Previous case law had stated that a failure to comply with the Financial Intermediaries, Managers and Brokers Regulatory Association Rules was negligence because the skill and care to be expected of a financial adviser would ordinarily include compliance with the rules of the regulator. The court held that the adviser was negligent in his advice, finding that an investment in EVRF was not the same as cash deposited because the structure of the investment was materially different and the risk was greater. More importantly, the court found that the adviser had breached the COB rules, firstly because he had equated EVRF to a cash deposit, but also because he failed to consider the other funds in the Bond as alternatives. Whilst at the time the investment may have been very safe, the alternatives were not discussed with Mr Rubenstein and they should have been. The duty of care owed to Mr Rubenstein was wider than a duty simply to ensure that the information provided was accurate; it was a duty to ensure that the recommendation was suitable for Mr Rubenstein, and the most suitable from a range of products.

Furthermore, the court found that Mr Rubenstein relied on the advice given. There was no evidence to suggest that he chose the Bond from a range of products, or the EVRF from other funds, and the court could therefore draw no other conclusion. The court also felt that it was "going too far to apportion blame to a client who asks the critical questions about risk but does not probe deeper into the workings of the product he is recommended, once he is told that the risk of investing in it is the same as a cash deposit".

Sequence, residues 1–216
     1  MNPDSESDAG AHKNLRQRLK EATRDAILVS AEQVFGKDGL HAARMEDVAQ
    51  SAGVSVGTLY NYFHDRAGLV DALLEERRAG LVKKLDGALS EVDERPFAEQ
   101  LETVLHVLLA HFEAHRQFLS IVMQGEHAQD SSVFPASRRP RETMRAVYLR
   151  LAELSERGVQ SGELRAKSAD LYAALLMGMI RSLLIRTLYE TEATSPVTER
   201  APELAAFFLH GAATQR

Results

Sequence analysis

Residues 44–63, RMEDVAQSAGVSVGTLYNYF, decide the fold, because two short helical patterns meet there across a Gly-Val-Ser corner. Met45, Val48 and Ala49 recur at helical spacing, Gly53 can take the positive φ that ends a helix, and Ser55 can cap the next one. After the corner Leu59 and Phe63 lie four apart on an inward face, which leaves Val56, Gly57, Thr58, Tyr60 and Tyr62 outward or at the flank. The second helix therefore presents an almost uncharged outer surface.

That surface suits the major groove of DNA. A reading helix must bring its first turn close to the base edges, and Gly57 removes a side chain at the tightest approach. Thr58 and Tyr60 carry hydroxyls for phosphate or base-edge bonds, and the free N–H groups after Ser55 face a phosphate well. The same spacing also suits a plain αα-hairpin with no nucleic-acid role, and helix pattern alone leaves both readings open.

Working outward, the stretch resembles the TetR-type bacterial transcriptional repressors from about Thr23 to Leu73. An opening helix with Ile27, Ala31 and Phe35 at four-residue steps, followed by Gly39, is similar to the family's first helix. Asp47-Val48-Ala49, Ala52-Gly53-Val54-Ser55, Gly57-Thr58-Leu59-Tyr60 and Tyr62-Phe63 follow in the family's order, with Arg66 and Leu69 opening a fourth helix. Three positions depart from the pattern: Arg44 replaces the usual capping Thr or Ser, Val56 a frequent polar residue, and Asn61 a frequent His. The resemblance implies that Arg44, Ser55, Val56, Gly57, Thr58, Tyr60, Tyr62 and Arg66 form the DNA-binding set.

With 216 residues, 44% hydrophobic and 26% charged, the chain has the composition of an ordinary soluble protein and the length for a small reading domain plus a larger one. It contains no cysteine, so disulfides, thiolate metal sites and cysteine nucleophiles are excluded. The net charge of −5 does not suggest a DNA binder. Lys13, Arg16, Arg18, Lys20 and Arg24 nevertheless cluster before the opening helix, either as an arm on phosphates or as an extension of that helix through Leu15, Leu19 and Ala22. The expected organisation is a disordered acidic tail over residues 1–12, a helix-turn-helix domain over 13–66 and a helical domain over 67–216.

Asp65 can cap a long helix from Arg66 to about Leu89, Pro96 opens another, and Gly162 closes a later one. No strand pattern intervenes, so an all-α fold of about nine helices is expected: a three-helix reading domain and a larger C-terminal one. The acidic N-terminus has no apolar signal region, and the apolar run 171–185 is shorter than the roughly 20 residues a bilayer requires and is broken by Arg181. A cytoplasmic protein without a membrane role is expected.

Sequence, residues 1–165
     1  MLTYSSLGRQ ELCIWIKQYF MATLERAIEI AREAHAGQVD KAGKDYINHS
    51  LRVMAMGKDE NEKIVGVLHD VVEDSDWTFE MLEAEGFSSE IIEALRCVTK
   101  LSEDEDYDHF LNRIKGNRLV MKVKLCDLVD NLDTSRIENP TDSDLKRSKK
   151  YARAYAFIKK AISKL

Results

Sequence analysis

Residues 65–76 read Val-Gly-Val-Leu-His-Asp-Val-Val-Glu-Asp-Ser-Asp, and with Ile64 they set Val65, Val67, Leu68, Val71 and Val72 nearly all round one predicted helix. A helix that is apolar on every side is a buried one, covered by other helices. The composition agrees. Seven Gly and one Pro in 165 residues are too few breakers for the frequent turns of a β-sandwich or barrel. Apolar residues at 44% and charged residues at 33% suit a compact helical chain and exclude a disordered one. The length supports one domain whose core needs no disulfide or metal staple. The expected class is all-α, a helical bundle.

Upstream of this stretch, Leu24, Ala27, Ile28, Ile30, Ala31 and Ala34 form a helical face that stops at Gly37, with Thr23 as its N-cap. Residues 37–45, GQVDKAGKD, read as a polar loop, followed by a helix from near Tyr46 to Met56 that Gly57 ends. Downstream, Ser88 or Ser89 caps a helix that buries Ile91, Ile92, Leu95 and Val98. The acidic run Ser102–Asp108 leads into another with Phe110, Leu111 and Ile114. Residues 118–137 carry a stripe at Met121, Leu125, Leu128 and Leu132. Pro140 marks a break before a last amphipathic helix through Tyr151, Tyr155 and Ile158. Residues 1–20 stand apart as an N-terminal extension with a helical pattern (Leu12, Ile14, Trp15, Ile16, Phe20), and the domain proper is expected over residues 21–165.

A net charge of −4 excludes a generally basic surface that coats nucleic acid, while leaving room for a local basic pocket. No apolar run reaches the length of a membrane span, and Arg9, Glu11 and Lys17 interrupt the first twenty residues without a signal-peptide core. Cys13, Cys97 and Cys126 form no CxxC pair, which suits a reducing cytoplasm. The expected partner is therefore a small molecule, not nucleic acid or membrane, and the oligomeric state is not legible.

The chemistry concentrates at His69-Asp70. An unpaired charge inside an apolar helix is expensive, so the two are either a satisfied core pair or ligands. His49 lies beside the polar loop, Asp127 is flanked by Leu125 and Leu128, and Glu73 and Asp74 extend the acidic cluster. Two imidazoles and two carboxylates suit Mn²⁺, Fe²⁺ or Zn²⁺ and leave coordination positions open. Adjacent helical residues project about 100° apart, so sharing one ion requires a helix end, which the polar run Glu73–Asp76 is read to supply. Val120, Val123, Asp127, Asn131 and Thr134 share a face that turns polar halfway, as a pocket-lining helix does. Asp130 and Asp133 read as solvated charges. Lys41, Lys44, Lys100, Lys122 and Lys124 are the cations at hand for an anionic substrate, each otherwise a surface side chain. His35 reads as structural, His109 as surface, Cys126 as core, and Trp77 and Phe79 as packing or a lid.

The court held that HSBC was liable for the foreseeable loss Mr Rubenstein suffered as, but for the negligent advice, he would not have invested in the EVRF. However, the court had to consider whether the financial crisis of 2008 was foreseeable at the time of the investment. The court found that the loss was not caused by the negligent advice, but by a set of circumstances that could not have been foreseen back in 2005, and a run on AIG was "so remote that no financial adviser would have been required to point it out as posing a risk to capital". The loss was too remote in law and the court therefore denied Mr Rubenstein's attempt to recover his losses as damages for breach of contract or tort.

Banks and advisers will no doubt be relieved by this decision, and investors will despair at the idea that negligent advice can still leave them out of pocket, particularly when they argue that they would not have made the investment, but for the advice. If this decision is appealed, or cases like this come before the courts, it could certainly be argued that any investment beyond a cash deposit comes at a risk as remote as financial collapse and that investment advisers should surely discuss this possibility with investors, especially when they seek advice on protecting their capital investment. In the meantime, it would be prudent for investors to ask their advisers for 'worst case' scenarios because, if the worst does happen, they may not have recourse to the courts.

www.gibraltarlaw.com/